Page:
The Los Angeles County District Attorney's office says its prosecutors made a mistake when they told a judge in September that a man was eligible for a drug rehab program instead of prison time. That man is now the lead suspect in a four murders that happened last week in Northridge.
Ka Pasasouk, 31, is awaiting extradition in a Las Vegas jail with three other suspects in connection with the fatal shootings of four people at an unlicensed boarding home in Northridge on Dec. 2.
Court records indicate that Pasasouk has a criminal history of drug, robbery and theft convictions. He was on probation at the time of the alleged killings.
In a statement released by the DA’s office, spokeswoman Sandi Gibbons wrote, “the office inadvertently erred in indicating the defendant was eligible for a Proposition 36 drug program.”
A dozen years ago, California voters passed Proposition 36. It allowed drug offenders to enroll in an 18-month drug rehabilitation diversion program instead of prison time. The offenders are allowed to complete the program out of custody but are required to report back to the court on their progress.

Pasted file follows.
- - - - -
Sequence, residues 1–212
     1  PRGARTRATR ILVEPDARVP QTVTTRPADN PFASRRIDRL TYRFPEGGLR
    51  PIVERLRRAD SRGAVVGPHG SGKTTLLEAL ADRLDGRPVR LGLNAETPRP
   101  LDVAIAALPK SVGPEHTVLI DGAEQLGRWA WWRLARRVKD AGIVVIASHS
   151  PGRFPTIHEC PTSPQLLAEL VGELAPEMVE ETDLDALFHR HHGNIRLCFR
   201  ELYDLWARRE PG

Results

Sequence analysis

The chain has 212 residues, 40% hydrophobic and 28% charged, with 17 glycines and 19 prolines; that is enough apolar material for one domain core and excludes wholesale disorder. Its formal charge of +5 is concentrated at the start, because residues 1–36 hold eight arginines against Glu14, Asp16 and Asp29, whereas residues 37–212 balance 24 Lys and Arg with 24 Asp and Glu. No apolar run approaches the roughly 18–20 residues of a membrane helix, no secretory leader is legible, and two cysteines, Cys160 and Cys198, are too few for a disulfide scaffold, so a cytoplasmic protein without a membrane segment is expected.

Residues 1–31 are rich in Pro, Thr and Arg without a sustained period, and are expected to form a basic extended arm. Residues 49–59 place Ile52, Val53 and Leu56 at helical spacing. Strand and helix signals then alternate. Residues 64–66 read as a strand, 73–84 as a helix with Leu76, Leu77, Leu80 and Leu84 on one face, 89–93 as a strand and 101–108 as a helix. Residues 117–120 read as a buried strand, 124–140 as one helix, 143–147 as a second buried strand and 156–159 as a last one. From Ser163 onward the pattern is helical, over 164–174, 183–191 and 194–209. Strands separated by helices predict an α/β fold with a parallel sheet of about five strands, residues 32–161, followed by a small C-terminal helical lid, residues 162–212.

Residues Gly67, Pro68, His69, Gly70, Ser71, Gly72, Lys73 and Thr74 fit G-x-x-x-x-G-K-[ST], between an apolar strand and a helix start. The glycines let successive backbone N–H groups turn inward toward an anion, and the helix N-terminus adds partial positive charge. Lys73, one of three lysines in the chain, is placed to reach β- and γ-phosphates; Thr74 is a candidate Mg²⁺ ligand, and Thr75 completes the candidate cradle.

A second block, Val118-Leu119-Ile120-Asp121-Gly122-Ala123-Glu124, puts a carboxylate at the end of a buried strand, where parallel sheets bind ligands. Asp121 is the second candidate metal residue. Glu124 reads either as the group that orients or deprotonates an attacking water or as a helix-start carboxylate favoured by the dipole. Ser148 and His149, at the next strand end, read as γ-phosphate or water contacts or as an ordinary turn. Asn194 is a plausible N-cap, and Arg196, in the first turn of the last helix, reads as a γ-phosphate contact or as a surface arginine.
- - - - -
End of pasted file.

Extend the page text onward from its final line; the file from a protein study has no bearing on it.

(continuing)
Deputy Chief of Adult Services Reaver Bingham with L.A. County Probation said the department recommended that the judge at that September hearing deny probation for Pasasouk and send him to state prison.
Bingham said Pasasouk had missed several appointments beginning in February with probation officers and had not tried to contact officers until his September arrest on suspicion of meth possession.
“We deemed him as unsuitable for community supervision,” Bingham said, “that he had already demonstrated a history of non-compliance and he was a potential threat to the safety and tranquility of the community.”
Bingham said a judge granted probation to Pasasouk and he continued to miss appointments with probation officers.
The LA Daily News reports that Pasasouk had several fortunate chances - including a judge's decision not to sentence him as a second-striker in a 2010 theft case. He had been convicted of robbery in 2006.
Pasasouk’s long and complex criminal history has already sparked debate among political players about California’s criminal justice laws.
Last week, Los Angeles City Councilman Mitch Englander introduced a resolution to encourage state lawmakers to amend California’s realignment law that shifts some state prisoners to county jails. It also transfers some prisoners to local county probation monitoring instead of state parole after prisoners are released.
L.A. County Supervisors are also calling for scrutiny. They urged the county’s chief probation officer to report to the board this week and explain Pasasouk’s criminal history and his time under probation monitoring.
In the written statement, DA spokeswoman Gibbons said the district attorney's offices throughout L.A. County will address training issues raised during the review of Pasasouk’s case.